Warren Ripley, historian and newspaper writer who chronicled the history of the Charleston siege concurrent with the Centennial of the Civil War, considered September 18, 1864 as the last day of the last “minor” bombardment of Fort Sumter. After that time, as Confederate engineer Captain John Johnson described, “No firing upon the fort but such as may be termed desultory occurred.…”
There are several reasons Federal forces ceased their focused bombardments of Fort Sumter. Some historians have, with notable bias, the Federals simply “gave up” what was a futile effort to reduce the fort. That was a factor, but not the major factor. The Federals had demonstrated through three major bombardments the ability to suppress Fort Sumter’s defenders (for offensive or defensive fires). But at the same time, through three major bombardments the Federals had also demonstrated a great reluctance to press the matter further – that is to actually occupy Fort Sumter. Major-General John Foster, just as his predecessor Major-General Quincy Gilmore had assessed, believed the fort could be taken. Recall the original plan, in July 1863, was to silence Fort Sumter so Rear-Admiral John Dahlgren might rush into the harbor with ironclads. That plan stalled as the Navy considered risks associated with torpedoes and obstructions. So one might argue the major factor at play with Fort Sumter’s defense was the reluctance of the Federals expend the resources that would “damn torpedoes.”
With Fort Sumter, and Charleston for that matter, being lower on the overall list of Federal objectives, Foster received less resources through the summer of 1864. In particular, with an active siege underway at Petersburg, Virginia, less ammunition could be spared for Charleston. On September 19, Foster wrote to Brigadier-General George Ramsay, Chief of Ordnance, to complain:
I have the honor to inclose you extracts from a letter received this day from General Saxton, commanding Northern District, which I forward to you for your information. The representations made by General Saxton are confirmed by my personal observation, and I feel satisfied that the ammunition expended in this department is all turned to the best possible account. My object in calling your attention to this matter is to explain my reasons for making what may appear large requisitions for ordnance stores. We are about out of ammunition for the guns in the front batteries of Morris and Folly Islands, and have been obliged to reduce the fire so as to almost entirely stop it, thereby giving the enemy opportunities of repairing Sumter, which they have taken advantage of with great energy.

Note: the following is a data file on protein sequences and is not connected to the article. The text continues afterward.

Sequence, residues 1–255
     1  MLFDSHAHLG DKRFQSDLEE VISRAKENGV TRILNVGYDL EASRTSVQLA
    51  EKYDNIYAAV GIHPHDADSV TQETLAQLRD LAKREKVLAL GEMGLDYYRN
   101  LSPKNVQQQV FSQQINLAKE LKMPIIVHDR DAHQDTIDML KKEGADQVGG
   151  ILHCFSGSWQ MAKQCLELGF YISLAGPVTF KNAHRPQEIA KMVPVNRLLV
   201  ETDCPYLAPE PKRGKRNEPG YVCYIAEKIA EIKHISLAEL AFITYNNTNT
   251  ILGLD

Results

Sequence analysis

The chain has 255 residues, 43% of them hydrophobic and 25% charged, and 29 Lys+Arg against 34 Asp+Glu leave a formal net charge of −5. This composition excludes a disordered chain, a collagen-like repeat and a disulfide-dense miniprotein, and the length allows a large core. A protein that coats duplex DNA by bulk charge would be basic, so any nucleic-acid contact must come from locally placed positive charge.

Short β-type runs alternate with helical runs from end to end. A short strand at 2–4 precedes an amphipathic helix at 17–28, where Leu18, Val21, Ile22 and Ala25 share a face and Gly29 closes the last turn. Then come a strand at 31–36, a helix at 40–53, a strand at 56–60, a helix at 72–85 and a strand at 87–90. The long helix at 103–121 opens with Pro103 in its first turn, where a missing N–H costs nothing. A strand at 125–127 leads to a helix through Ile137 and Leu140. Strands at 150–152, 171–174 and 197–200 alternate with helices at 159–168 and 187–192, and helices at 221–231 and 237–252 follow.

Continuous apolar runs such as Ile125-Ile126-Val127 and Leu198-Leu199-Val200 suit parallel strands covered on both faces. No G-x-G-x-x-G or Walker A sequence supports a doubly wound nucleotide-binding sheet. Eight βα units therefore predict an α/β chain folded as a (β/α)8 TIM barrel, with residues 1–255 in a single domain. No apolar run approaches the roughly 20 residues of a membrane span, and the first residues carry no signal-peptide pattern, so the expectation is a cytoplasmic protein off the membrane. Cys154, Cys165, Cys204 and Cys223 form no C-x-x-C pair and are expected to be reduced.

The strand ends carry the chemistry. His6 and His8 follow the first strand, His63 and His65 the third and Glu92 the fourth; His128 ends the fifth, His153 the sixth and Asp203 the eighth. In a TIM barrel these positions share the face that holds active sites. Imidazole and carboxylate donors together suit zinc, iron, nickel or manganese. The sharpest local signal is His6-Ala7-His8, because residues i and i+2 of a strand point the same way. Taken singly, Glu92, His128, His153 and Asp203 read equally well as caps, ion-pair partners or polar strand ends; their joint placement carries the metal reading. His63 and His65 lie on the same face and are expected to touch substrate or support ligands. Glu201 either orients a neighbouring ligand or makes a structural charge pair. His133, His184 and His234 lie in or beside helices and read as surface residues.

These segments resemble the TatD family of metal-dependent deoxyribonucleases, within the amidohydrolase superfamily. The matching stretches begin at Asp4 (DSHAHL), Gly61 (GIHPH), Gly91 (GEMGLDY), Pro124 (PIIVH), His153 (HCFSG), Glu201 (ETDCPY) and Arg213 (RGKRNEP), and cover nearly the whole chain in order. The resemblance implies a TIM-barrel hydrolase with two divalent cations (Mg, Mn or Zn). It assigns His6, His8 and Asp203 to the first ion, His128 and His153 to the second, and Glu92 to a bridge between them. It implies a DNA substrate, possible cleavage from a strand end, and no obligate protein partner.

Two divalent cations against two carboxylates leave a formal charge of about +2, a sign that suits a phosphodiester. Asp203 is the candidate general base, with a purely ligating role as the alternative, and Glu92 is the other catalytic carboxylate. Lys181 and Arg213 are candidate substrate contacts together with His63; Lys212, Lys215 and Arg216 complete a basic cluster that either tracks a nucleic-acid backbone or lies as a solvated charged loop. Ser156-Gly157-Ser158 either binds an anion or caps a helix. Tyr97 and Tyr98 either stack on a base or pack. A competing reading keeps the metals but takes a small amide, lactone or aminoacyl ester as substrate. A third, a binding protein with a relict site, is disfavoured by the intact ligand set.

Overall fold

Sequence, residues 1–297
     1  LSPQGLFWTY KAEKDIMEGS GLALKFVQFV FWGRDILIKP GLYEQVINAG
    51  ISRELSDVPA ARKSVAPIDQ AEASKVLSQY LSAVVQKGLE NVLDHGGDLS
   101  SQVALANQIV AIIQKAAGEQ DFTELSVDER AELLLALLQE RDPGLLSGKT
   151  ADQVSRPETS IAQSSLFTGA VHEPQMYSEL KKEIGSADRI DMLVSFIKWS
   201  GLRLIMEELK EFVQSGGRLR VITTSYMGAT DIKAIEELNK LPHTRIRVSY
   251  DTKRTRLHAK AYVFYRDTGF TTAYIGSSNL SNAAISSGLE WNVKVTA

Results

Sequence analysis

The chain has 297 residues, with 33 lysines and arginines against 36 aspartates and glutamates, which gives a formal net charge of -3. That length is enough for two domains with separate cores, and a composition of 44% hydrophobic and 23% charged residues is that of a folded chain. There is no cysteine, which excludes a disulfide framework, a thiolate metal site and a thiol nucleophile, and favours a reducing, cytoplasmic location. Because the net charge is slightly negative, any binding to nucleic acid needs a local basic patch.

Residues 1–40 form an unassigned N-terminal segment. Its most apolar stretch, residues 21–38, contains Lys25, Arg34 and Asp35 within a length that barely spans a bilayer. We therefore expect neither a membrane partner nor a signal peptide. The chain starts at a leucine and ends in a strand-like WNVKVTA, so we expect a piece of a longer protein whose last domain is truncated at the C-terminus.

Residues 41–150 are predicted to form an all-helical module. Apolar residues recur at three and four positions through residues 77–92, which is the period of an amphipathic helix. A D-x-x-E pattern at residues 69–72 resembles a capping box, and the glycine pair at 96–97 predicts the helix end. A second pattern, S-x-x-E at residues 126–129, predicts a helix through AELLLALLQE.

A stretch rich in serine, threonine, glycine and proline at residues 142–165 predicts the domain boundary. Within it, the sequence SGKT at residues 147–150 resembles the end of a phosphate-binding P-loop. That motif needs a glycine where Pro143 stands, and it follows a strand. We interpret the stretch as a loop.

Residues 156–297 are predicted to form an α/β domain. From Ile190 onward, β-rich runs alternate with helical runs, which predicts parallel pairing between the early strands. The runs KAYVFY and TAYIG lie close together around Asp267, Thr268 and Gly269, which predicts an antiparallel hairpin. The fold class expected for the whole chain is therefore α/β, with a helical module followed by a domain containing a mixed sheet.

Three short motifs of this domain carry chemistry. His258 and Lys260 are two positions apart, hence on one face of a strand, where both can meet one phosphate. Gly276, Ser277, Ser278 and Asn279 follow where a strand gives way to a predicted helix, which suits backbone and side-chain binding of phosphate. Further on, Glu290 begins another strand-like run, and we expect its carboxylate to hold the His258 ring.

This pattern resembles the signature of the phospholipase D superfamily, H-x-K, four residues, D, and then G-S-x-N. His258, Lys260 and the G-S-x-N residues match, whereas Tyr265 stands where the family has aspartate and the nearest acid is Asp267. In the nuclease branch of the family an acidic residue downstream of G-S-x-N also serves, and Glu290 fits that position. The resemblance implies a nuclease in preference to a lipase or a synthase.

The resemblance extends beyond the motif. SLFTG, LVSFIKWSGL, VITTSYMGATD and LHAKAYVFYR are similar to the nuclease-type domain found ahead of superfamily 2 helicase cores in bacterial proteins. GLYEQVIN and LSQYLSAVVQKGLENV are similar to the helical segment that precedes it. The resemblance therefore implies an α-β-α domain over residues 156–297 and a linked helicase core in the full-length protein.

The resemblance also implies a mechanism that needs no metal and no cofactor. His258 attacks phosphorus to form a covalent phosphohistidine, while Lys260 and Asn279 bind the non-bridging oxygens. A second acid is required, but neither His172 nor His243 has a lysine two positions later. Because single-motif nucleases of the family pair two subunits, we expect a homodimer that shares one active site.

Enclosed with the letter, Foster added a statement from Brigadier-General Rufus Saxton, commanding the effort against Charleston, in which he demonstrated what the ammunition shortage meant to the front lines:
The shelling from the enemy’s mortars was severe this morning [September 16?] in our front works, and having but little mortar powder, we were unable to reply effectually. The mortars were very much needed to-day. I regret that our ordnance supplies are so scanty that I cannot make a decent defense of this important post. No powder for the mortars; no suitable fuses for the fire on Charleston; no shells for the 30-pounder Parrotts, a most useful gun for silencing the enemy’s fire; no material for making cartridge bags, or grease for lubricating the projectiles. I shall do all in my power with what I have, but these deficiencies in material, which are of such vital importance to successful operations, I deem it my duty to call your attention to the subject in the hope that they may be soon supplied. More ammunition for the 300-pounder, the most useful guns in these works, is also very much needed.
For perhaps the first time since the Federals landed on Morris Island, they could not dominate the surrounding area with the their heavy artillery. Not because the Confederates had better weapons, but because they had to husband their fires.
Foster also mentioned the growing importance of long range musket fire in the “skirmishing” against Fort Sumter:
I also inclose you extracts from General Saxton’s letter concerning telescopic rifles. I think there is no place where from ten to fifty of these rifles could be used to better advantage than in the front works of Morris Island. I would respectfully suggest that from ten to fifty of these rifles be sent here.
Foster added a statement from Saxton, mentioning how Confederate sharpshooters delayed employment of the naval battery on Morris Island.
Desultory fires were, from then until February 1865, the extent of Federal efforts. The war was still out there at the mouth of Charleston Harbor 150 years ago. Just a lot less noisy than previous months.
(Citations from OR, Series I, Volume 35, Part II, Serial 66, pages 295-6.)